Tuesday, September 27, 2011

Peace in Asia and the Pacific: Alternatives to Asia-Pacific Militarization Conference - Oct. 21-22, 2011, American Univ., Washington D.C.

Peace in Asia and the Pacific: Alternatives to Asia-Pacific Militarization

October 21, 2011 - 7:00pm - Saturday, October 22, 2011 - 6:00pm

Initiated by the American Friends Service Committee

To register and for additional information:

Please join us and consider having your organization co-sponsor this uniquely important conference.

Even as the Pentagon has been pursuing its Long War across the Middle East and Central Asia, the campaign to contain China has been driving U.S. strategic war planning and military spending.

Our movements to prevent war and to address the impacts of the militarization of the federal budget are not prepared to the long term designs of the Pentagon, right-wing and the Military-Industrial-Complex to reinforce and deepen U.S. militarism across the Asia-Pacific.

As former U.S. Ambassador to China R. Stapleton Roy put it, “we poked China in the eye” by sending the nuclear powered and nuclear capable aircraft carrier the U.S.S. George Washington into the East China Sea “because we could.”

The U.S. still has more than 100 military bases and installations across Japan. In Korea, activists have engaged in hunger strikes and been jailed for opposing the decimation of their communities with new U.S. military bases. The U.S. now has tacit military alliances with Vietnam and India and is exploring the return of military bases to the Philippines. The National Military Strategy issued in 2010 also calls for expanded military cooperation with Thailand, Malaysia, Pakistan, Indonesia and Singapore.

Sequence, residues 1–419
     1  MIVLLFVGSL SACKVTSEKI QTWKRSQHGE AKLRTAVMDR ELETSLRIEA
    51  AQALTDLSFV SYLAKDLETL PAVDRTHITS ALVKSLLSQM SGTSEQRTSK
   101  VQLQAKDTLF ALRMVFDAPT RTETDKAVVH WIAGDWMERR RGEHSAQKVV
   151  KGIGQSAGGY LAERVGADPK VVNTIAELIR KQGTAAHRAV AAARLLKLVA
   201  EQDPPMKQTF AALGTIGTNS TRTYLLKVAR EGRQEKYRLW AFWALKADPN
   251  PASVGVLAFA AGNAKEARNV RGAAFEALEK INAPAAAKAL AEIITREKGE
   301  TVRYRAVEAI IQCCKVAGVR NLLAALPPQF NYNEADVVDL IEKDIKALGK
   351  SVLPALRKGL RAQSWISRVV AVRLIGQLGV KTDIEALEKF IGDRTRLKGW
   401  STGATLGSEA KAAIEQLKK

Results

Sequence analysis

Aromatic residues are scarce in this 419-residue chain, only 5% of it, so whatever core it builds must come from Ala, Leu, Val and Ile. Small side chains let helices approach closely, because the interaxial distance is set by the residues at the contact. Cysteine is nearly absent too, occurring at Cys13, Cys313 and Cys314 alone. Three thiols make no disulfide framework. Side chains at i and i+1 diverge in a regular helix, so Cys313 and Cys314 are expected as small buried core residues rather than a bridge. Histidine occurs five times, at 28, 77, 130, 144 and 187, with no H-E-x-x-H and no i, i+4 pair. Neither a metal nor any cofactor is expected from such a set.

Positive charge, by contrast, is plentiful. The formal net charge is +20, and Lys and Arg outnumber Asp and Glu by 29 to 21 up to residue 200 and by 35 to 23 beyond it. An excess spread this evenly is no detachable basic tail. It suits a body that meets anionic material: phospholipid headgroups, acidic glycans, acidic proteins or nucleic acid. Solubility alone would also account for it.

While the US economy stagnates under the tremendous burden of its military expenditures, China has poured resources into becoming the world’s workshop and building 21st century infrastructures and technologies. As the world’s financial centers tilt towards Beijing, new military spending in the region has increased the complexities of its territorial disputes with Japan and ASEAN nations with competing claims to South China Sea islands. A growing number of militarized “incidents” and violent conflict have also occurred on the Korean Peninsula.

The conference goals are:

Build our movements’ capacities to understand and respond to these developments
Identify and promote campaigns that challenge Asia-Pacific militarism and that advocate meaningful alternatives.
Facilitate solidarity between U.S. and Asia-Pacific peace movements, advocates and campaigns
In addition to our keynote speakers, panels will be devoted to Northeast Asia, Southeast Asia, and peace movement campaigns

Workshops to include:

Asia-Pacific Peace Movements

Southeast Asia

Central/South Asia

Economic Realities & Dynamics of the Asia-Pacific

Global Costs of Militarism

History 101: U.S. in Asia-Pacific

Human Rights


Nuclear Weapons Abolition

U.S.-China relations

Other workshops to be developed

Keynotes by Madame Yan Junqi, Vice President of the Chinese People’s Association for Peace and Disarmament and the Vice Chairperson of the Standing Committee of the Chinese National People’s Congress and by Professor Bruce Cumings, Gustavus F. and Ann M. Swift Distinguished Service Professor in History Chairperson of the Department, University of Chicago* Panels on Northeast and Southeast Security Issues, Peace Movement Campaigns and Workshops (see below).

*Madame Yan is confirmed. Professor Cumings has been invited. This conference will also serve as the 4th Peace Forum organized by The American Friends Service Committee and the Chinese People’s Association for Peace and Disarmament.

Additional information, including registration, available at


Kay Spiritual Life Center, American University
4400 Massachusetts Ave NW
Washington, DC 20016
See map: Google Maps
Contact Information:
Joseph Gerson

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